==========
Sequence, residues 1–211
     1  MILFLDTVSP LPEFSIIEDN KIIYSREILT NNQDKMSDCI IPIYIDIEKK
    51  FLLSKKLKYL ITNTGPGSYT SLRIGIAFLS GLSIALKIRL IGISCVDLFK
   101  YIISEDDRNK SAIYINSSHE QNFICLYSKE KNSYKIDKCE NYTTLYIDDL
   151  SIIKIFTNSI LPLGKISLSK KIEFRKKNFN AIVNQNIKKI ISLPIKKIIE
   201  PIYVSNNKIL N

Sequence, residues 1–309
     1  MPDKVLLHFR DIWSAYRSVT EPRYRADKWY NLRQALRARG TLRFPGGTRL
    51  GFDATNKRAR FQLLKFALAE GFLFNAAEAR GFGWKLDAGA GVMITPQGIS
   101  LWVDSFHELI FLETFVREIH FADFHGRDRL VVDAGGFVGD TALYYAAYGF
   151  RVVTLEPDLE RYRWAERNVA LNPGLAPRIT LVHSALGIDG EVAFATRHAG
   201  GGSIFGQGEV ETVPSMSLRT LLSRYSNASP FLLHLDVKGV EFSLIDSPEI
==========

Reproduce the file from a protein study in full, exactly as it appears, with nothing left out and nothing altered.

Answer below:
Sequence, residues 1–211
     1  MILFLDTVSP LPEFSIIEDN KIIYSREILT NNQDKMSDCI IPIYIDIEKK
    51  FLLSKKLKYL ITNTGPGSYT SLRIGIAFLS GLSIALKIRL IGISCVDLFK
   101  YIISEDDRNK SAIYINSSHE QNFICLYSKE KNSYKIDKCE NYTTLYIDDL
   151  SIIKIFTNSI LPLGKISLSK KIEFRKKNFN AIVNQNIKKI ISLPIKKIIE
   201  PIYVSNNKIL N

Sequence, residues 1–309
     1  MPDKVLLHFR DIWSAYRSVT EPRYRADKWY NLRQALRARG TLRFPGGTRL
    51  GFDATNKRAR FQLLKFALAE GFLFNAAEAR GFGWKLDAGA GVMITPQGIS
   101  LWVDSFHELI FLETFVREIH FADFHGRDRL VVDAGGFVGD TALYYAAYGF
   151  RVVTLEPDLE RYRWAERNVA LNPGLAPRIT LVHSALGIDG EVAFATRHAG
   201  GGSIFGQGEV ETVPSMSLRT LLSRYSNASP FLLHLDVKGV EFSLIDSPEI